Circular hollow sections (CHS) are hollow structural steel profiles with a circular cross-sectional shape. They provide several beneficial properties as structural members due to their geometry.
The closed circular shape leads to axisymmetric properties allowing uniform stress distribution. CHS have high torsional stiffness and effectively resist torsional loads. This makes them suitable as purlins, rafters and connecting braces subject to twisting forces.
CHS demonstrate equal bending resistance in all axial directions as they lack weak axis limitations of open sections. This enables optimal orientation and reductions in bracing systems. Under axial loading, CHS efficiently resist buckling owing to the rounded form.
When subject to bending, CHS develop a uniform stress distribution with maximum stress at the extreme fibers. Relative to outer diameter, CHS can withstand greater bending moments than rectangular or square hollow sections of similar weight.
The elliptical stress distribution in CHS leads to gradual yielding upon bending rather than sudden failure. This enables ductile performance and energy absorption during seismic loading. CHS columns under eccentric compression also yield progressively prior to buckling.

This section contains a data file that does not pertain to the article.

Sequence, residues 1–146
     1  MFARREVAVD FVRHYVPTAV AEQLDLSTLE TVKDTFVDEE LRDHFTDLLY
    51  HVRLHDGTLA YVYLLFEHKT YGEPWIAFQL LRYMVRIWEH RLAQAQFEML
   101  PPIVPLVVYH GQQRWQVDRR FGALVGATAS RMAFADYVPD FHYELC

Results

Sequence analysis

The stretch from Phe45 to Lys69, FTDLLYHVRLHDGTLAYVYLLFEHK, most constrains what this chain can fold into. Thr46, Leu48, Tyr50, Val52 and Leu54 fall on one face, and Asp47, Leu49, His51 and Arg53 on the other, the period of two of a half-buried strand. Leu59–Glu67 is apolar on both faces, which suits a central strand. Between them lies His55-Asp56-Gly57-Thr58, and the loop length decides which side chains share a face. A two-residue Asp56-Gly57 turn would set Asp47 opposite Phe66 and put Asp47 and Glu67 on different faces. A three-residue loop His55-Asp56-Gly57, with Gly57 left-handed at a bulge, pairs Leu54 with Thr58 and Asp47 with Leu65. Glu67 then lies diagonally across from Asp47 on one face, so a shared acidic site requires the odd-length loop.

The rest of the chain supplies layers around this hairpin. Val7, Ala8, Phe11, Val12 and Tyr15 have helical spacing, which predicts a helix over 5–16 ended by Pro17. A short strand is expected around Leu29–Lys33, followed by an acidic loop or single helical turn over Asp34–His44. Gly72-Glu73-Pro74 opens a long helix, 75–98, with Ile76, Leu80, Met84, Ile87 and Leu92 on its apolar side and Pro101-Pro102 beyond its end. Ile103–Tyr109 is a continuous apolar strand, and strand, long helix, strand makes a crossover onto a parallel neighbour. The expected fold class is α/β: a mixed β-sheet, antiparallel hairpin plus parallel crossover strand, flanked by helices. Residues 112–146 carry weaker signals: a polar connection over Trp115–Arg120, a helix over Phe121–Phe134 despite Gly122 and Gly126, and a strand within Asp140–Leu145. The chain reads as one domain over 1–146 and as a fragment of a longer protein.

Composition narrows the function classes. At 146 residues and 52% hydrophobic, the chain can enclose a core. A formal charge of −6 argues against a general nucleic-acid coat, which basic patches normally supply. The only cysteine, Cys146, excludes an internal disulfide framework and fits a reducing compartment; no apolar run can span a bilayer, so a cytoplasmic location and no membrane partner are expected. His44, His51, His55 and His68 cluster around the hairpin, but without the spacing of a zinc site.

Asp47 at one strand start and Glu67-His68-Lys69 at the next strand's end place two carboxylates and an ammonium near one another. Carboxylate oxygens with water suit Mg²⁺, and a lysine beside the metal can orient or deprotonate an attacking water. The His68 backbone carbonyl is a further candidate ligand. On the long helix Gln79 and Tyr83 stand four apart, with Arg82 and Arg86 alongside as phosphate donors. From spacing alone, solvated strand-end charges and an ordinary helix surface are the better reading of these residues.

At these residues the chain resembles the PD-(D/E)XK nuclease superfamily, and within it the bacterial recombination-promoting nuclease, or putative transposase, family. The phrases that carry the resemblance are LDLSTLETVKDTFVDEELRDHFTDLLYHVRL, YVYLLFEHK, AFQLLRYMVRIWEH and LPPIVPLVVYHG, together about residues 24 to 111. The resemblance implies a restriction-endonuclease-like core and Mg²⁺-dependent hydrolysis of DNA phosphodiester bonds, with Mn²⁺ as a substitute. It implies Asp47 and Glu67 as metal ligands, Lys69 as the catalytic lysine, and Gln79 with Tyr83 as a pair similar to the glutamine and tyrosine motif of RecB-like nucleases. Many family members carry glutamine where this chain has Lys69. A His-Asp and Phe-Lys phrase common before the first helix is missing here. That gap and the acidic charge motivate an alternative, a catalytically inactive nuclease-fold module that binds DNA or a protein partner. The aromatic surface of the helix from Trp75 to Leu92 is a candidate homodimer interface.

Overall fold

For structural columns, concrete-filled CHS provide enhanced strength and stability. The concrete infill delays local buckling while the void steel core resists tensile forces. This composite interaction results in higher load capacity within small footprint areas.
Under elevated temperature conditions, CHS demonstrate higher fire resistance than open sections. The hollow core provides insulation and delays heat transfer to the inner steel. This reduces strength loss in building frames or transmission towers exposed to fire hazards.
Varying combinations of diameter, thickness and steel grades allow structural optimization of CHS. High strength steel CHS in thinner sections can achieve weight savings. Design codes like EN 1993-1-1 provide detailed guidance on CHS member capacity checks.
The circular exterior of CHS creates aesthetic architectural forms. It offers smooth surfaces for cladding systems and easy cleaning. Connections to CHS can be made via welding, bolting or proprietary systems for rapid assembly.
Structural analysis of CHS should evaluate member buckling, cross-section classifications, local capacity reduction factors, elastic/plastic stress distribution, deformation limits, axial/flexural/torsional interactions and fatigue checks.
Advanced analysis using finite element methods accurately capture CHS behavior under different loading combinations. Elastic buckling analysis evaluates susceptibility to instability. Non-linear geometric and material analysis simulates progressive yielding and ductility.
In summary, the unique geometry and axisymmetric properties of CHS provide optimal structural performance under axial, flexural, torsional and combined loading. CHS demonstrate uniform stress patterns, high buckling strength, good ductility and capacity enhancement via concrete-filling. Appropriate design and analysis help utilize these benefits across diverse structural applications.
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